Tuesday, November 17, 2009

Representing Decamom

The Octomom has been much in the news lately. This wretched creature, after having six illegitimate kids, managed to get fertility treatments and had eight more in one shot. In my legal career, I have represented two sextomoms (six children), and one septomom (seven kids). This past year, I met Decamom. Yes, that’s right, ten children.

In response to my collaborator's facetious question about why the state would want change of custody on her youngest, after having already received Permanent Changes of Custody on numbers five, six, seven, eight and nine, the answer is that the tenth was found to have cocaine in her bloodstream. By the time I got to the case, I learned that Decamom had failed two drug screens and had failed to appear for over 100 others. I discovered, to my considerable surprise, that, legally speaking, her children were not illegitimate. She is married and her husband is doing a lengthy prison sentence in the federal system for drug trafficking. I met her paramour and did not inquire as to his thought process in choosing such a woman as the mother of his child. (After all, she only has one conviction for soliciting prostitution.)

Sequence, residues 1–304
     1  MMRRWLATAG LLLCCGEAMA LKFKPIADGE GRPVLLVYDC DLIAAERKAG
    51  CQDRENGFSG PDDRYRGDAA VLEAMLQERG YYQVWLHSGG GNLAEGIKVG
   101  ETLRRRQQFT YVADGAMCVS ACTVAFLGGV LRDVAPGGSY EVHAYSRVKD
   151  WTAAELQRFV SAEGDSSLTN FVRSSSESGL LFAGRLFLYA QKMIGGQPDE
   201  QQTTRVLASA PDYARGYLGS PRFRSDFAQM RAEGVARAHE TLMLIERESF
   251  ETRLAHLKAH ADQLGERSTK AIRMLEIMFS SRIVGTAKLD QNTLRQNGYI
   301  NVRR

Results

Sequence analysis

I did everything I could think of as a professional to represent her. However, she lost her case. If the child hasn’t suffered permanent brain damage as a result of her mother’s drug use, maybe it has a decent chance in life. What I find terrible disturbing is the thought that I am one of 260 lawyers doing assigned counsel work in Franklin County. I find the long-term implications for our civilization to be cause for despair.

(A friend of mine once asked, upon hearing about this case, “That’s stupid! (expleteive deleted) Hasn’t she thought of having an abortion?” Let’s not have a discussion about abortion. I should, however, point out that after her second or third or fourth illegitimate child, I’m pretty sure that Decamom knew exactly what she was doing.)

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